A SOUND OF THUNDER - The Lesser Key Of Solomon

A Sound Of Thunder - The Lesser Key Of Solomon

10 songs
60:59 minutes
***** ****
Mad Neptune


It’s only been one year since the last album of American East Coast metal band A Sound Of Thunder, but that is hardly surprising, considering that they have released one album every year since 2011. What is more astonishing is how they don’t show any signs of fatigue. Indeed since last year’s Time’s Arrow, the quartet have aspired to such heights that I can’t think of any female fronted metal band doing a better job right now.

Once again it is not easy to categorise the music of A Sound Of Thunder. They are probably inspired mostly by classic hard rock and heavy metal music, but there are also occurences of power, speed and doom metal, and occasional trips into bluesier classic rock territory. A first and possibly cursory take at their music might leave you unsatisfied, because their songs generally take some time to unfold all of their magic.

As in the past, the album is running a little over an hour, with one intro and nine regular tracks meaning that the band likes their material playful and long. The Lesser Key Of Solomon starts with the moody intro Nexus Of Realities that mostly offers a certain science fictional feeling. With Udoroth follows the first regular track, and with four and a half minutes one of the shorter moments featured on the record. This is a more straightforward killer metal track which makes for an ideal entrance point. Fortuneteller is nearly seven minutes long and somehow a more representative track. Here we get a more dramatic atmosphere, with the first part of the song coming at a more moderate pace, before the latter half is adding some steam and fury to end the song in a very kinetic way. The ballad The Boy Who Could Fly comes quite early on, might sound very tame, but is also a great opportunity for Nina Osegueda to show off her vocal skills. It’s otherworldly how she has improved over the years. She never sounded bad, considering that she is a trained opera singer, but it’s only recently that she has learned to use her voice in her very own, idiosyncratic way to set her apart from all other heavy metal vocalists, male and female alike. The album’s highlight comes with the nearly ten minute long Elijah, which also starts like a creepy ballad, and then finds the time for all possible kinds of rock and metal to flow into this extremely variable piece of music, which owes a lot to dramatic American hard rock and metal music, from the early Alice Cooper to the later - if not really modern anymore - Savatage. The chorus comes rather late in the song and surprises with strange chord sequences that may feel a little off at first but later affirm the band’s very special status.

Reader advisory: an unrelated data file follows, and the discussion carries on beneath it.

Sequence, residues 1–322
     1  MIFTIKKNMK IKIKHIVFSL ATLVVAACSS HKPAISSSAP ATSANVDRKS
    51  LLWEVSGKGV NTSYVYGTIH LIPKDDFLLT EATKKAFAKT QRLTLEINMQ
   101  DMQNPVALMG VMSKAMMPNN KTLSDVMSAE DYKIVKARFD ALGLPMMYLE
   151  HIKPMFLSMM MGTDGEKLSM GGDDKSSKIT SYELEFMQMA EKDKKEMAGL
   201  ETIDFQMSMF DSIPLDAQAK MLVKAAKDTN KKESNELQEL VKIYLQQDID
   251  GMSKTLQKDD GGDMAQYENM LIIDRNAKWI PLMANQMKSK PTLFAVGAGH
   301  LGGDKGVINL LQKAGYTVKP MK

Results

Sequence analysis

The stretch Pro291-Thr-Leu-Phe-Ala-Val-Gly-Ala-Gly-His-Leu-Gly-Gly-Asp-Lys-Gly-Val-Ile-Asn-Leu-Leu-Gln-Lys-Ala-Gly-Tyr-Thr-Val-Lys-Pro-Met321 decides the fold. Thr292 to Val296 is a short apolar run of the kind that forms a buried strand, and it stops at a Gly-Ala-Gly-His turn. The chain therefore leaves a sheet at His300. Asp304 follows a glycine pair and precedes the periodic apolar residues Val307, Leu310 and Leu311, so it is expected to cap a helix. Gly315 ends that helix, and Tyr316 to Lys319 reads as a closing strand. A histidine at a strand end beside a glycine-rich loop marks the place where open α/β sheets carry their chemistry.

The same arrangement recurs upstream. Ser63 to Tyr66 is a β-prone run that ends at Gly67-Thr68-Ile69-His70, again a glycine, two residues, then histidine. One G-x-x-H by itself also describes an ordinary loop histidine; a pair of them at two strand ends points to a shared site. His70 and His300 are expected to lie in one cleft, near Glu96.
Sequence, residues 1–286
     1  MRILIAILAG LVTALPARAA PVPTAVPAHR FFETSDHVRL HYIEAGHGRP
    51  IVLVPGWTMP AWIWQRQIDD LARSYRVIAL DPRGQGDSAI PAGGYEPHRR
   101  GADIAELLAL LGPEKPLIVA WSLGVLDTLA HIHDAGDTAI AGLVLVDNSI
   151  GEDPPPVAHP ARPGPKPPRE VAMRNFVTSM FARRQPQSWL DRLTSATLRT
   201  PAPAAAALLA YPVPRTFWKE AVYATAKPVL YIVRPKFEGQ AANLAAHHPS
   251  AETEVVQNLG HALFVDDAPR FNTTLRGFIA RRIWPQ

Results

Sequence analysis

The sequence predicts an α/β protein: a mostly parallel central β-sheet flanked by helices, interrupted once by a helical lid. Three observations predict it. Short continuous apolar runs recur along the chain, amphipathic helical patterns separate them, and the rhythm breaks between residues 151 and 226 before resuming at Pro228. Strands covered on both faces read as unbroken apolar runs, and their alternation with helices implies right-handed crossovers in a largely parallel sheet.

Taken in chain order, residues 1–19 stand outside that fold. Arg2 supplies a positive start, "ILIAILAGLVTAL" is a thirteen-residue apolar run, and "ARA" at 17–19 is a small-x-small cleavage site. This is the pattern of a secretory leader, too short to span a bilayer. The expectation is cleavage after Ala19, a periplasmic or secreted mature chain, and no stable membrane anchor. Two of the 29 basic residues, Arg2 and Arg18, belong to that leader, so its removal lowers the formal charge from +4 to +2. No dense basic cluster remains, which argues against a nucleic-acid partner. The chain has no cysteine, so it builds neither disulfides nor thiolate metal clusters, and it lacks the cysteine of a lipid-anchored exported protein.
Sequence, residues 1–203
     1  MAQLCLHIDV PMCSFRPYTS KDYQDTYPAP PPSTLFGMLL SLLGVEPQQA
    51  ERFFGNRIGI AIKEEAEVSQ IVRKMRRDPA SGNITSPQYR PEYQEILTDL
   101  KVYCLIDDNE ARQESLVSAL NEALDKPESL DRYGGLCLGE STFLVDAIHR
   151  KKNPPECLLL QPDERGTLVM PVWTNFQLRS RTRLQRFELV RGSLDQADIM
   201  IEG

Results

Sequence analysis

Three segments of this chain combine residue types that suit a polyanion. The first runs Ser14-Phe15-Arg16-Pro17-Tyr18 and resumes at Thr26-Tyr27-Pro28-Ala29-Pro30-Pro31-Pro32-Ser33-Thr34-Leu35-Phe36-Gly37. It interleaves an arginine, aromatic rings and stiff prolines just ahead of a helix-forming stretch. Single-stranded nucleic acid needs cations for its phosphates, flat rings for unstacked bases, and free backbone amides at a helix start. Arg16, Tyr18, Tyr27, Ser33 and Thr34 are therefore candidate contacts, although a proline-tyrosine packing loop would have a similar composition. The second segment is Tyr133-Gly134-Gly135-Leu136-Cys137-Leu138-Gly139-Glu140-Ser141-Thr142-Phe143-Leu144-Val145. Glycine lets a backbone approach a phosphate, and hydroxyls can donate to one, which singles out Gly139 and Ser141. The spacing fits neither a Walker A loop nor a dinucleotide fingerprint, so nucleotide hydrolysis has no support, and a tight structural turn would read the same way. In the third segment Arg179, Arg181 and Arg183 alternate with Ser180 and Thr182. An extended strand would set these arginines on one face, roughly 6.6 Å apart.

The album’s second half starts with the stomping Master Of Pain, on the surface a simpler mid-tempo song, but of course it is hiding its subtleties beneath the surface, even though the whiplash sound two minutes into the song does sound a little silly. Blood From The Mummy’s Tomb is an eight and a half minute long slab of classic hard rock / metal that betrays the band’s love for all things horror. Black Secrets is another shorter track, running slightly under five minutes, and displaying a bluesier side of the band. With a weaker vocalist, this might have been trite, but somehow it’s always and again a pleasure to listen to Ms. Osegueda’s powerful organ. More horror fare comes with One Empty Grave whose atmosphere reminds me of certain Nineties Alice Cooper material. The CD ends with the nine minute long House Of Bones, another strange blues/hard rock concoction with a lot of drama that sets a fitting end to the album.

Is The Lesser Key Of Solomon better than the preceding Time’s Arrow? At first it may sound a little weaker, but that’s only because the band’s progression wasn’t as dramatic as last time where they really reinvented their sound. This time they tweaked a little here and there, so that in the end I dare say that the new album has the upper hand. The first half is more varied and experimental but also comes with more ballad moments, while the second half feels more homogenous but also a little bluesier. Both sides work well with A Sound Of Thunder, and even if the running order of the songs feels a little strange at first, they still make sense. Fans of classic hard rock and heavy metal music absolutely have to get The Lesser Key Of Solomon. You will encounter a voice you are unlikely to ever forget!

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